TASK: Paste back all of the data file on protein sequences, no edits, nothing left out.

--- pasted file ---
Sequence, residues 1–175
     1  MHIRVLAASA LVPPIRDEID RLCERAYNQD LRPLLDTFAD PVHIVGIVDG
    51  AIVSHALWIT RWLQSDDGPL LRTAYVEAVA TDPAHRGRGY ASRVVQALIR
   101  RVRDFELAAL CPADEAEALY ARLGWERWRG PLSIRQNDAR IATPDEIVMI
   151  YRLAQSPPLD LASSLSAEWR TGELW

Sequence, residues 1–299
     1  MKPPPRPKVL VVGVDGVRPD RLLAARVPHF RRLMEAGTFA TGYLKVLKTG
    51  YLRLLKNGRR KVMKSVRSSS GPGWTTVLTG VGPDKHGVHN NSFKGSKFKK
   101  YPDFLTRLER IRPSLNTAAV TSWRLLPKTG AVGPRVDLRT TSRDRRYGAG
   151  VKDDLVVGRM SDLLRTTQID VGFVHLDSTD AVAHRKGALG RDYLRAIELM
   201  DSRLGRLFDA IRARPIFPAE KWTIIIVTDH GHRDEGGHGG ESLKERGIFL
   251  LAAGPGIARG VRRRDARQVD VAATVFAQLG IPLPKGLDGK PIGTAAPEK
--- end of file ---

Sequence, residues 1–175
     1  MHIRVLAASA LVPPIRDEID RLCERAYNQD LRPLLDTFAD PVHIVGIVDG
    51  AIVSHALWIT RWLQSDDGPL LRTAYVEAVA TDPAHRGRGY ASRVVQALIR
   101  RVRDFELAAL CPADEAEALY ARLGWERWRG PLSIRQNDAR IATPDEIVMI
   151  YRLAQSPPLD LASSLSAEWR TGELW

Sequence, residues 1–299
     1  MKPPPRPKVL VVGVDGVRPD RLLAARVPHF RRLMEAGTFA TGYLKVLKTG
    51  YLRLLKNGRR KVMKSVRSSS GPGWTTVLTG VGPDKHGVHN NSFKGSKFKK
   101  YPDFLTRLER IRPSLNTAAV TSWRLLPKTG AVGPRVDLRT TSRDRRYGAG
   151  VKDDLVVGRM SDLLRTTQID VGFVHLDSTD AVAHRKGALG RDYLRAIELM
   201  DSRLGRLFDA IRARPIFPAE KWTIIIVTDH GHRDEGGHGG ESLKERGIFL
   251  LAAGPGIARG VRRRDARQVD VAATVFAQLG IPLPKGLDGK PIGTAAPEK